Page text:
You’re in the home stretch of your presentation ~ the close. You’ve talked about the features of your program, told the audience the results they’re going to get, and the staff has just passed out the order forms.
Now, it’s time to answer an important question for the audience: Is the price right?
“Right” is not synonymous with “cheap.”
Find the Sweet Spot
“Right” is that sweet spot, the price point at which the product or program sells the best and brings you the most returns.
To find that sweet spot for your product, I encourage you to aim high initially, and then experiment. Raise and lower the price, until you find that magical, maximum price point that sells great.
If you want to speak at bigger conferences, you definitely want to aim high in your pricing. Promoters, who typically get 50% of your sales, just won’t make enough money if your packages are priced low, say at $49 or $149.
To make it worth their while, promoters are looking for packages that cost $800, $1,000, $2,000, or $5,000.
Of course, if you’re just starting out, smaller organizations will be happy to have you speak with your lower price points. And you can still make a very good income, while you gain experience and work up to those higher figures.
Discount or Value-Add?
During your presentation, you want to offer an incentive for your audience to buy now. One approach is to offer them a substantial discount if they purchase that day. Another is to add extra value through bonuses, creating a special package just for them if they purchase at your talk.
I have done it both ways, and, frankly, I don’t like discounting.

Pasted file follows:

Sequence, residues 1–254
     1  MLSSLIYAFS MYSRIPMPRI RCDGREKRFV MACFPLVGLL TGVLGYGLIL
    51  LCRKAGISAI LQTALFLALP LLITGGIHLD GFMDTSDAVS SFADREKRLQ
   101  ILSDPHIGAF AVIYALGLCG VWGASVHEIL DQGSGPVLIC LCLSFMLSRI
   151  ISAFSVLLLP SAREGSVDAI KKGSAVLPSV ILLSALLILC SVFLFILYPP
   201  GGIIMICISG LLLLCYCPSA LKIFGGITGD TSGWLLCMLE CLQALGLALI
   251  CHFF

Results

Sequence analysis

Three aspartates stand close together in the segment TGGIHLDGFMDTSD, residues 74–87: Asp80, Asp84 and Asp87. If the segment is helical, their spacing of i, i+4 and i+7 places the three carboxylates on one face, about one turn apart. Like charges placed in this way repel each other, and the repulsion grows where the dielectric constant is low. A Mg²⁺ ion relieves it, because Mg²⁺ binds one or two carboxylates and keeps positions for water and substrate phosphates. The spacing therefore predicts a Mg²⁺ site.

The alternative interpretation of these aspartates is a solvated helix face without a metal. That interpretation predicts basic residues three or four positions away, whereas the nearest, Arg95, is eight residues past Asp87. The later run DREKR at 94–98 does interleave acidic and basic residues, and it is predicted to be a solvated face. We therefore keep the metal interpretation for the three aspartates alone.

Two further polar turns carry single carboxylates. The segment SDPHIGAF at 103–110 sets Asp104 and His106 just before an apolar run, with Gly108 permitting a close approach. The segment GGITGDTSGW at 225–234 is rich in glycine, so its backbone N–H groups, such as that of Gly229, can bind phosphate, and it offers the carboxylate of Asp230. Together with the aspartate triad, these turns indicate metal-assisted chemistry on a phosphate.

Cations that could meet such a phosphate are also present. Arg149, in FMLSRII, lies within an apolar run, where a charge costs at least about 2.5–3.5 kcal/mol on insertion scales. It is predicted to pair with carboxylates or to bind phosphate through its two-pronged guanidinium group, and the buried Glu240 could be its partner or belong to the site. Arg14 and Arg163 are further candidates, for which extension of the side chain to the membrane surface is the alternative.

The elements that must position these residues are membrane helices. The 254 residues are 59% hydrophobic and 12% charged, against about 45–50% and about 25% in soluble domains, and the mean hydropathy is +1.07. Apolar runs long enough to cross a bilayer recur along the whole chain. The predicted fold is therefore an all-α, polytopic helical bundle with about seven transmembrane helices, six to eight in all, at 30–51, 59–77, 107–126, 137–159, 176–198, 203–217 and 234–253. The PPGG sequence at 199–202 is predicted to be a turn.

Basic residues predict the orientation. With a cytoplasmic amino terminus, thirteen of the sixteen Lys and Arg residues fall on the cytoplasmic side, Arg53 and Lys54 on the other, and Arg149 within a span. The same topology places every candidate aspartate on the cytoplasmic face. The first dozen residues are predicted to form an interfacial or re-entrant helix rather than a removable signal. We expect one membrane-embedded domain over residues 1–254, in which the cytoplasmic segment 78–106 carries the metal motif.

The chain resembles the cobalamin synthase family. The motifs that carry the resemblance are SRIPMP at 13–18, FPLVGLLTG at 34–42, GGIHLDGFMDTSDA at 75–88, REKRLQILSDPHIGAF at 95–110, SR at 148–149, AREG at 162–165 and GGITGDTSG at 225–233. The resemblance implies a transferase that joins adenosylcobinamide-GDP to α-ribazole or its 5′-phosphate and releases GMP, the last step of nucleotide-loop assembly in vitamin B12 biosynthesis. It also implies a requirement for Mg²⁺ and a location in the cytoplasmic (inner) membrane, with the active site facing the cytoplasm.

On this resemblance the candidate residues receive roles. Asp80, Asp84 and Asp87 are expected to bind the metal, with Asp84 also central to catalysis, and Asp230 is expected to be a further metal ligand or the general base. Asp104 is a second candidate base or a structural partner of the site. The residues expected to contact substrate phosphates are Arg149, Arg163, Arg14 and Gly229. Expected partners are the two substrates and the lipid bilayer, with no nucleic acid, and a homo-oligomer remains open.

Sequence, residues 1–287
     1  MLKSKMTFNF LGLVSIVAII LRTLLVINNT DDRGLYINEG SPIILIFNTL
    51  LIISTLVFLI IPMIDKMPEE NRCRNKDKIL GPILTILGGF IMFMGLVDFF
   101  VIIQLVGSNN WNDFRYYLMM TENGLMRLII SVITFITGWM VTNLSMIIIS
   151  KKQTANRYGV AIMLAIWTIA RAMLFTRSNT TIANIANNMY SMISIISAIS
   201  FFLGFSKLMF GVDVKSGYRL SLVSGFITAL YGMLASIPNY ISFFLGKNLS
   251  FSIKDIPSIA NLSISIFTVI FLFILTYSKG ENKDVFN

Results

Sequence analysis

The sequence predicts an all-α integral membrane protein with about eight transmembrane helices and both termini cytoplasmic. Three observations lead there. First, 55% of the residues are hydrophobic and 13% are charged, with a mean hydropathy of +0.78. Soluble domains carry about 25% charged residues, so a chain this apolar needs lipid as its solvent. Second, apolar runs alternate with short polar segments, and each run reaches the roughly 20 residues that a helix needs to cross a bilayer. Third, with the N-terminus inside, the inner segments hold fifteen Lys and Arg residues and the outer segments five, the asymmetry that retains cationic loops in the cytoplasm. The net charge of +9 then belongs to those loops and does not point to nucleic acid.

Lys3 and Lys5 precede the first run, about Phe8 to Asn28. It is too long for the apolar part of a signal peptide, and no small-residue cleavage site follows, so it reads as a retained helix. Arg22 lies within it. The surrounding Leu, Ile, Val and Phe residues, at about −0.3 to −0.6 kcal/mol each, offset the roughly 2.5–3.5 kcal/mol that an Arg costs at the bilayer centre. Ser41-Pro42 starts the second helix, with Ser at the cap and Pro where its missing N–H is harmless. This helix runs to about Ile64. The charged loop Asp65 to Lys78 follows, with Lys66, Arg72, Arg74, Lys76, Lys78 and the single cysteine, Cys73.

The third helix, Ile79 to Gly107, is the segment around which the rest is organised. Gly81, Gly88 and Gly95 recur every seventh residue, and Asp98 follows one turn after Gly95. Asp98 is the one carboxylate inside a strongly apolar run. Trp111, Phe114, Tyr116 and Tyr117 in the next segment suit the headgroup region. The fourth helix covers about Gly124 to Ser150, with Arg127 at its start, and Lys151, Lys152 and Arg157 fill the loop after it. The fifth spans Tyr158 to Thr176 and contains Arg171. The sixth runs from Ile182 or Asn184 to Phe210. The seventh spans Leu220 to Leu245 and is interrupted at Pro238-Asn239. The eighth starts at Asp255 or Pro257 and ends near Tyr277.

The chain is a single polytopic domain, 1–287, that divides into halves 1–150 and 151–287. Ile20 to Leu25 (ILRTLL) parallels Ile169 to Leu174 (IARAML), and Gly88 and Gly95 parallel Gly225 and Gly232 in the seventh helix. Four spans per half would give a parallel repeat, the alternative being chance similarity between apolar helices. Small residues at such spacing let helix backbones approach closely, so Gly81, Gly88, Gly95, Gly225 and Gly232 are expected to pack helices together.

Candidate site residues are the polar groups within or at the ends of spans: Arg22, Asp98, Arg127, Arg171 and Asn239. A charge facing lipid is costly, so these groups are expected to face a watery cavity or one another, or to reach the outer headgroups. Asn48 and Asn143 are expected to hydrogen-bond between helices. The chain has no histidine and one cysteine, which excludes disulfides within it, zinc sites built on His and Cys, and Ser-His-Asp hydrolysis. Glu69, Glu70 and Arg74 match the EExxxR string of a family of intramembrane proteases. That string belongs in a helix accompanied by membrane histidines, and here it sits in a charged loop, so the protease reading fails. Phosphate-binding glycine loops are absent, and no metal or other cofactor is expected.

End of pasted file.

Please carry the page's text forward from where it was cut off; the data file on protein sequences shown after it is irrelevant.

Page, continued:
There are times, however, when it might be the right choice ~ for instance, if you’re talking to an audience with a strong poverty mindset.
If you are going to discount, 20% with some added value is probably the best place to be. I never would go beyond 30% in any case. Even with bargain shoppers, a 50% or 60% discount sets up a subconscious contradiction that says the product must not be very good.
So if you discount too much ~ or set your initial prices too low ~ you could actually lose sales you would have gotten if you’d raised your own bar a little higher.
Rather than discounting, I strongly prefer to add extra value to what I’m selling. That way the price seems like a bargain because they’re getting so much more than what they’re paying for.
For instance, I might add a book, a special report, a 15-minute consultation or another program: “If you purchase The Science of Getting Rich here today, I’ll give you a copy of Just Believe, which is a $195 value.” The audience will really appreciate that.
What About Cafeteria Pricing?
Cafeteria-style pricing is where you’ve got six, seven, eight, or nine products for sale at your table in the back of the room. The audience gets to pick and choose among a $97 program, a $12 book, a $597 program, etc.
Some people, including my mentor, do well with cafeteria pricing, but I don’t recommend it.
You’ll actually make more money if you bundle all of those same products into one or two packages. You could have one with a higher price point of $1,400 or $1,500, and another with a lower price point of say, $700 or $800.
The Bottom Line
Whichever approach you use, don’t forget that the audience is looking for a result, and if you’ve followed my steps to the tee, they’re going to be willing to pay for it.
Ask yourself: what is the value of the transformation I’m offering? What will it save them in time and money? What impact will it have on their lives?
Once you have a genuine handle on that, set your price accordingly.